The pheasant-hunting politician is Rick Santorum, a former Senator from Pennsylvania, who is highly religious and strongly against abortion and gay marriage, who lost his seat in 2006 to Bob Casey, a Democrat with a famous family name in the Keystone State (like the Kennedys in Massachusetts). Santorum also supports the powerful National Rifle Association, and was photographed with his rifle and his NRA hat by the New York Times on a pheasant hunt with a popular conservative politician in Iowa (picture by Eric Thayer above: here’s a link http://nyti.ms/rJ9l49). His presence with pheasants in the conservative state will not hurt the Santorum campaign.

All these candidates will be campaigning hard over the next week until more than 100 thousand Iowans gather next Tuesday night in places like churches, schools, libraries, even family living rooms to vote for their favourite Republican nominee.

Although only one per cent of the nation’s Republican delegates are chosen in the Iowa caucus, the results often point to the potential strength of the candidate at campaign’s end, as occurred in 2008 when Barack Obama won the state’s caucuses or 2000 when George W. Bush triumphed there.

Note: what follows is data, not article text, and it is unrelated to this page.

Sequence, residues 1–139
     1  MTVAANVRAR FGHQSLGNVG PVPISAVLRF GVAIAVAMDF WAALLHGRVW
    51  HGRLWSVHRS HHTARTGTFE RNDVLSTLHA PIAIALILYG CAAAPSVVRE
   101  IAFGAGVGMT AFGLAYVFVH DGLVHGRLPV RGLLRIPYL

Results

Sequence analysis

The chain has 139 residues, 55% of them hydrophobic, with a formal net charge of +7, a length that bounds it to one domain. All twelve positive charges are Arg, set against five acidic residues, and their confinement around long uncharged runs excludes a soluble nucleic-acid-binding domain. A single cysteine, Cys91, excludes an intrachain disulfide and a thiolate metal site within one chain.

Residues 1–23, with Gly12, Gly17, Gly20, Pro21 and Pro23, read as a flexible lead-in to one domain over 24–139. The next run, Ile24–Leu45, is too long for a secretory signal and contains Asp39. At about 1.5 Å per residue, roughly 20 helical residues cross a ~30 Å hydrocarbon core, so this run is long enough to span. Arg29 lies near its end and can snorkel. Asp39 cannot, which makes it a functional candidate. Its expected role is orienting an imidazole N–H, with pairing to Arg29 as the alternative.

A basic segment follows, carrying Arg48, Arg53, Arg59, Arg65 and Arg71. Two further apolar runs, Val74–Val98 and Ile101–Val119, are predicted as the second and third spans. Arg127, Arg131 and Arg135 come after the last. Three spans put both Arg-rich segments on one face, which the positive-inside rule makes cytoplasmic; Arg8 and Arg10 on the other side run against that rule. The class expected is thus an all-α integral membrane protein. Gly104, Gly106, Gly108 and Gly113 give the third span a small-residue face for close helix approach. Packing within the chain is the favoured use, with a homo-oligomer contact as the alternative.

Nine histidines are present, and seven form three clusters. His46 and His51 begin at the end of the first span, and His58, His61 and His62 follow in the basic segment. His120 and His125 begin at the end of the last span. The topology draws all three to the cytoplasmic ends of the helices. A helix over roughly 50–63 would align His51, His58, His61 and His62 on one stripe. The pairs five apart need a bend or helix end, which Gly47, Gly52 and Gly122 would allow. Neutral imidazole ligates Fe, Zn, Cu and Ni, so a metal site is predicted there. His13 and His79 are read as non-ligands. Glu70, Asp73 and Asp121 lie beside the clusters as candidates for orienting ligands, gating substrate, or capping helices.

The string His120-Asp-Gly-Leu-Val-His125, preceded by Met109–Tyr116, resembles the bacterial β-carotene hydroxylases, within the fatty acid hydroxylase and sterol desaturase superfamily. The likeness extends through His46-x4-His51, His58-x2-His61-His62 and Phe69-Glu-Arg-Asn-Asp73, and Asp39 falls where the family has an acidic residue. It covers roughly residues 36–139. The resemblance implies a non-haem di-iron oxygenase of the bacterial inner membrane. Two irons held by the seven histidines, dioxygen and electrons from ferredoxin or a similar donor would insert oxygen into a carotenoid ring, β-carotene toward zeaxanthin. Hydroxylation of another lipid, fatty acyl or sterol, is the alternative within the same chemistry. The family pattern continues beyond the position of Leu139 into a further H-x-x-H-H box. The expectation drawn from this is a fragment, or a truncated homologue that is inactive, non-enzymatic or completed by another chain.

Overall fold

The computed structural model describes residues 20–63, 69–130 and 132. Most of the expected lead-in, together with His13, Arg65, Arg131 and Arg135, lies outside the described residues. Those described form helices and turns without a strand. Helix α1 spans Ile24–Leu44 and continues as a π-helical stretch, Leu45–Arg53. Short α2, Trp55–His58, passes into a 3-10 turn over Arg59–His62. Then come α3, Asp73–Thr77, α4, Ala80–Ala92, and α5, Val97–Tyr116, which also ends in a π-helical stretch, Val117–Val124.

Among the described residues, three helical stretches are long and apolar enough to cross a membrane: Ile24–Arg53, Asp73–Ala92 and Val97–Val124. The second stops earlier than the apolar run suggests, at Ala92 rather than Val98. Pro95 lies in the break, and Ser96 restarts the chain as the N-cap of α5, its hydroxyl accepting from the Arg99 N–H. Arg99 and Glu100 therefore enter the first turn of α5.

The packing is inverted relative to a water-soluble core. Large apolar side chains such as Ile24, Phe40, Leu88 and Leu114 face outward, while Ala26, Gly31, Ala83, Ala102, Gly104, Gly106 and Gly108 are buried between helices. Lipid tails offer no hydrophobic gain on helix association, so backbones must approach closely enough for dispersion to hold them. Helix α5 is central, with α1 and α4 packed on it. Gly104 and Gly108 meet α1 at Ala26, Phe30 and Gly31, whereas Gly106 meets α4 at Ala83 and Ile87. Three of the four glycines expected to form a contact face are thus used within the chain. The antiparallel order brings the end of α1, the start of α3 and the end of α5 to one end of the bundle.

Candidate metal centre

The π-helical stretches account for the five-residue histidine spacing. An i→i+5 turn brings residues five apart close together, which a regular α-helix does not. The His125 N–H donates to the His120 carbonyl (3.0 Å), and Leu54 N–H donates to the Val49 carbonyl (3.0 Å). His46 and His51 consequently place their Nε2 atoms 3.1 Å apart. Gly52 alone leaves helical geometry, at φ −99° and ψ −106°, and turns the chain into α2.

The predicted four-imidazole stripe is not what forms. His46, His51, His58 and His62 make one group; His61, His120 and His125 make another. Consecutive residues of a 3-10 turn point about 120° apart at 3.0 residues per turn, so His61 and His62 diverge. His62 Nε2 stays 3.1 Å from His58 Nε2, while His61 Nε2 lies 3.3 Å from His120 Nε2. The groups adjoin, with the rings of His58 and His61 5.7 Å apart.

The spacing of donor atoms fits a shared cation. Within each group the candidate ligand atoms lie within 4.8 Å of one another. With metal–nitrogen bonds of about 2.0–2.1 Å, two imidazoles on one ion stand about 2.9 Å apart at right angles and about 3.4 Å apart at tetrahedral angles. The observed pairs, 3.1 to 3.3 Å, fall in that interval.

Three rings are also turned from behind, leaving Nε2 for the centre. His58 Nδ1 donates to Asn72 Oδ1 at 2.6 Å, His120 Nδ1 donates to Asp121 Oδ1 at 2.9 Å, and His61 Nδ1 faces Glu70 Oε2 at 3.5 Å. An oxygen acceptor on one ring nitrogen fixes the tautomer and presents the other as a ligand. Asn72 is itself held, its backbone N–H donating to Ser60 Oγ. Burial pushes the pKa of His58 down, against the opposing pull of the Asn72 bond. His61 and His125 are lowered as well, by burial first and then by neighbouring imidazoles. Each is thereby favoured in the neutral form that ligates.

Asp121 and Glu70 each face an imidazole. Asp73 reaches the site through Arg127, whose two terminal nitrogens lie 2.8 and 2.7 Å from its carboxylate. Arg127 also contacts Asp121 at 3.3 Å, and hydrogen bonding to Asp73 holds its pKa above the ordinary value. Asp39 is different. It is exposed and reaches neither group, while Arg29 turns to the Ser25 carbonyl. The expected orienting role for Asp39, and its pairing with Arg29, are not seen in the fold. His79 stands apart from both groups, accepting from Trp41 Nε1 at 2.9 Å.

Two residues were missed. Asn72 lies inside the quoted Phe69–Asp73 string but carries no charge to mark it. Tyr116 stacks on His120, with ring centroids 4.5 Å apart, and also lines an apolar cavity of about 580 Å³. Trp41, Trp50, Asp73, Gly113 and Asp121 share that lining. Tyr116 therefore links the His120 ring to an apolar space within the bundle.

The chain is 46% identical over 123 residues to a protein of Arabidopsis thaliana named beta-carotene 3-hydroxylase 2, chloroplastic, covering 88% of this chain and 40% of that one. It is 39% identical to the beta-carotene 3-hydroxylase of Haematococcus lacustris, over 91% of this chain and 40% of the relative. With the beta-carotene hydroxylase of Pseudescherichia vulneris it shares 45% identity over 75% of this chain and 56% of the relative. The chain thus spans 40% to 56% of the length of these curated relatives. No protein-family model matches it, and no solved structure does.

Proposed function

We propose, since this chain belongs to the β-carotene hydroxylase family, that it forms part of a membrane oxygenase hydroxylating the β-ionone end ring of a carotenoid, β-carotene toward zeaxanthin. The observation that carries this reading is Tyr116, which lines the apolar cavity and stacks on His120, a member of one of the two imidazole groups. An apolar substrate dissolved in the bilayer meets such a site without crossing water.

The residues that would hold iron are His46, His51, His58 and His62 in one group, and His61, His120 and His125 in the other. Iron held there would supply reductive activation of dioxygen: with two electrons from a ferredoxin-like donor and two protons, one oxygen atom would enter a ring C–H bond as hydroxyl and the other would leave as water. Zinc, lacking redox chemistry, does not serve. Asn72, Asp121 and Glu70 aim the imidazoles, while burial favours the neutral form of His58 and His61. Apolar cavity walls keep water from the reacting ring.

The Democrats will use the Iowa caucus and the upcoming primaries next year to build their campaign for the re-election of the president. The Republicans hope they can get a credible nominee early enough in the primaries so they can concentrate on the real game: defeating Barack Obama.

Once one of the candidates wins enough primaries and caucuses to secure a majority of delegates to  the Republican National Convention — to be held this year in Tampa Bay, Florida from August 27-30 – he or she will be selected as the party’s nominee for president. The nominee will then choose his or her vice-presidential running mate – usually from a state or faction the party hopes will help them win the election. Sometimes the choice backfires, as it did with Sarah Palin, John McCain’s partner in 2008. The selection of Lyndon Johnson as John F Kennedy’s running mate in 1960 helped the liberal Democrat from the Northeast take out a close election (and reminded Americans that the vice-president was only a heartbeat from the presidency on November 22, 1963).

The Democrats will hold their national convention from Sept 2-5, 2012 in Charlotte, North Carolina, in a bid to make further inroads into the south made by Barack Obama in 2008. Following the convention, which begins on Labor Day in the US, the campaign goes into high gear until election day on November 6. The Democrats and the President hope there will be an improvement in the economy and employment numbers, so the Republicans and their nominee will have to find something else to bolster their campaign. At this stage, it is a faint hope.

The Iowa caucus is too close to call, but I will give it a go anyway: Romney to win, followed closely by Ron Paul, with Newt Gingrich in third place.